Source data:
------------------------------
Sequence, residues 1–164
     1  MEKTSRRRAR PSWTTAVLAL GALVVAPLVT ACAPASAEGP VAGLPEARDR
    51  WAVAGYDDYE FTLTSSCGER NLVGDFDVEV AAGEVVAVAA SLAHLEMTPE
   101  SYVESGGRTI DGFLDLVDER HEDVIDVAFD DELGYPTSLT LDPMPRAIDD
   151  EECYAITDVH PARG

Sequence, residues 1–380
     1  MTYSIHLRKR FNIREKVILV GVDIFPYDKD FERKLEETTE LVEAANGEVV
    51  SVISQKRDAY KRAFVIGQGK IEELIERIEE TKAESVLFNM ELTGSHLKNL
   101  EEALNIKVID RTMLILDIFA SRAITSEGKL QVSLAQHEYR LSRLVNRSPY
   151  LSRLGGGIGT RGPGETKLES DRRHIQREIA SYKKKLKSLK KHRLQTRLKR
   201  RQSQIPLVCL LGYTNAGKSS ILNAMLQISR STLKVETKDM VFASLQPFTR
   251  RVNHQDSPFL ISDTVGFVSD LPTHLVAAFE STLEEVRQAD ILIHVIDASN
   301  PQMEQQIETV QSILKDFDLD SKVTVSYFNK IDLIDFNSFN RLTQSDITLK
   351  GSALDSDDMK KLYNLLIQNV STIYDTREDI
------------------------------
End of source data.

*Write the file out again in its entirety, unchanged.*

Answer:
Sequence, residues 1–164
     1  MEKTSRRRAR PSWTTAVLAL GALVVAPLVT ACAPASAEGP VAGLPEARDR
    51  WAVAGYDDYE FTLTSSCGER NLVGDFDVEV AAGEVVAVAA SLAHLEMTPE
   101  SYVESGGRTI DGFLDLVDER HEDVIDVAFD DELGYPTSLT LDPMPRAIDD
   151  EECYAITDVH PARG

Sequence, residues 1–380
     1  MTYSIHLRKR FNIREKVILV GVDIFPYDKD FERKLEETTE LVEAANGEVV
    51  SVISQKRDAY KRAFVIGQGK IEELIERIEE TKAESVLFNM ELTGSHLKNL
   101  EEALNIKVID RTMLILDIFA SRAITSEGKL QVSLAQHEYR LSRLVNRSPY
   151  LSRLGGGIGT RGPGETKLES DRRHIQREIA SYKKKLKSLK KHRLQTRLKR
   201  RQSQIPLVCL LGYTNAGKSS ILNAMLQISR STLKVETKDM VFASLQPFTR
   251  RVNHQDSPFL ISDTVGFVSD LPTHLVAAFE STLEEVRQAD ILIHVIDASN
   301  PQMEQQIETV QSILKDFDLD SKVTVSYFNK IDLIDFNSFN RLTQSDITLK
   351  GSALDSDDMK KLYNLLIQNV STIYDTREDI